BANGOR GARTH PIER
Diving off the Pier (4 Photos). Posted by Miriam Prendergast
My dad Joe Bamford diving off Bangor pier between 1939-1945.
Bangor Pier Opening c 1930 colour. Posted by Margaret Lewis
The opening of Bangor pier on 14th May 1896. The Mayor and corporation, followed by local tradesmen and members of various local organisations and a few visiting mayors, headed the May Day procession towards the pier where hundreds of people had gathered. Entertainment was provided by the Penrhyn Male Voice choir and a band from the Clio. Lord Penrhyn declared the pier open, and, apparently, over 5,000 people visited the pier on that first day. Original photo from Gwynedd Archives, other info from local newspapers of the day.
Stamps of Bangor Pier. Posted by Elain Patterson-Jones
September 2014 when the Royal Mail issued stamps of Bangor Pier. The 2 Royal Mail longest serving staff members with over 100 years service between them Richard Jones and Mervyn Jones Mervyn ( Mervyn has since sadly passed away) joined the then Mayor Jean Forsyth to promote the stamp on the Pier.
Lads on Leave, posted by Peter Jones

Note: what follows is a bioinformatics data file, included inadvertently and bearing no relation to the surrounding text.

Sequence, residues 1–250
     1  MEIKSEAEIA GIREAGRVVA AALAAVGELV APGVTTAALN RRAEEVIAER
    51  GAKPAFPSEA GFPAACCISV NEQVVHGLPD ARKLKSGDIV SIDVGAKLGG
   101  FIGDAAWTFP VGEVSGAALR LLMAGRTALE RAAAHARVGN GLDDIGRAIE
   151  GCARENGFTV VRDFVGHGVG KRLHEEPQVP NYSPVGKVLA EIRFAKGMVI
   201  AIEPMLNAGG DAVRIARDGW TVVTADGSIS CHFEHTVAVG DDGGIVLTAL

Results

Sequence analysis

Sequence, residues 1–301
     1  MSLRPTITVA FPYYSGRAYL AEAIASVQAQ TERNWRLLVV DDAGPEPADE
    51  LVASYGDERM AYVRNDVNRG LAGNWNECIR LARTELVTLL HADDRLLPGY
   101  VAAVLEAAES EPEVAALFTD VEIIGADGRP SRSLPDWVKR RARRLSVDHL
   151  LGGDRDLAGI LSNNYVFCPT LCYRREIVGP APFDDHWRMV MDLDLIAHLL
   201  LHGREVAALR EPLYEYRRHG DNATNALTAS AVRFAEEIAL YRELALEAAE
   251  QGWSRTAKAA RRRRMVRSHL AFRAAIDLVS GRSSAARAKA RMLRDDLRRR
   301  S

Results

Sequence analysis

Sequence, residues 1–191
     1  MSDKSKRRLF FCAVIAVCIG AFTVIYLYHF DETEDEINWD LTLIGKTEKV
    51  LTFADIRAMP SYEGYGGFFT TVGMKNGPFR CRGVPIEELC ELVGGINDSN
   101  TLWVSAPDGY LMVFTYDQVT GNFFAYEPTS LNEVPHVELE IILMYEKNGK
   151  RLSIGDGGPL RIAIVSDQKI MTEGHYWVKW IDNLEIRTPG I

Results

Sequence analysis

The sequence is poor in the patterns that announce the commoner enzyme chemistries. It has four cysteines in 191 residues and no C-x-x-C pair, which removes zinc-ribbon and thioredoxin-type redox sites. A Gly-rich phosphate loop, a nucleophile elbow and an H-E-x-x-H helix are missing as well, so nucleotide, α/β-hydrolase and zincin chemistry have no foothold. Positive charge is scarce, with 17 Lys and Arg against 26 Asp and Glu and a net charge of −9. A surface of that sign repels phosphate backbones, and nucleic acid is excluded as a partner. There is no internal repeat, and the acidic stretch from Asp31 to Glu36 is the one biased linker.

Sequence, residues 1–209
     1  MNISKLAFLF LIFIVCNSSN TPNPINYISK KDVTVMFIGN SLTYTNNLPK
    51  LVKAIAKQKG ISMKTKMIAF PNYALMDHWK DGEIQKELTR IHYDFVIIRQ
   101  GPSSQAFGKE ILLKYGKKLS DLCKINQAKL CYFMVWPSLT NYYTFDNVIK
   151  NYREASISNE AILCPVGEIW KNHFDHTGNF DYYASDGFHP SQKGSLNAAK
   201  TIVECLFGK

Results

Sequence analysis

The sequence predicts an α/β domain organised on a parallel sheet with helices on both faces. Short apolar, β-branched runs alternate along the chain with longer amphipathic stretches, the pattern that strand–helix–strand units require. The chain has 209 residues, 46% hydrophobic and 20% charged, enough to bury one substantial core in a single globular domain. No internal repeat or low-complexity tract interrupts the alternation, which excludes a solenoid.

Bangor Pier Summer 1942 – Glyn Parry, Dad and Alwyn
BFI Film showing Paddle steamer trip from Liverpool –Posted by Wendy Edwards
My Great Grandfather, Hugh Humphrey Jones, who had been brought up in Hirael, was on a minesweeper during the First World War and it is my understanding that he was on the St Elvies. The St Elvies was a pleasure paddle steamer which ran between Liverpool and Bangor. The link below shows the arrival of the paddle steamer at Bangor Pier at about 6 minutes 53 seconds into the film. The link also shows the Snowdon and the St Tudno paddle steamers. Between March 1915 and May 1919 the St Elvies was taken over by the admiralty and became a minesweeper. After the war it went back to being a pleasure paddle steamer.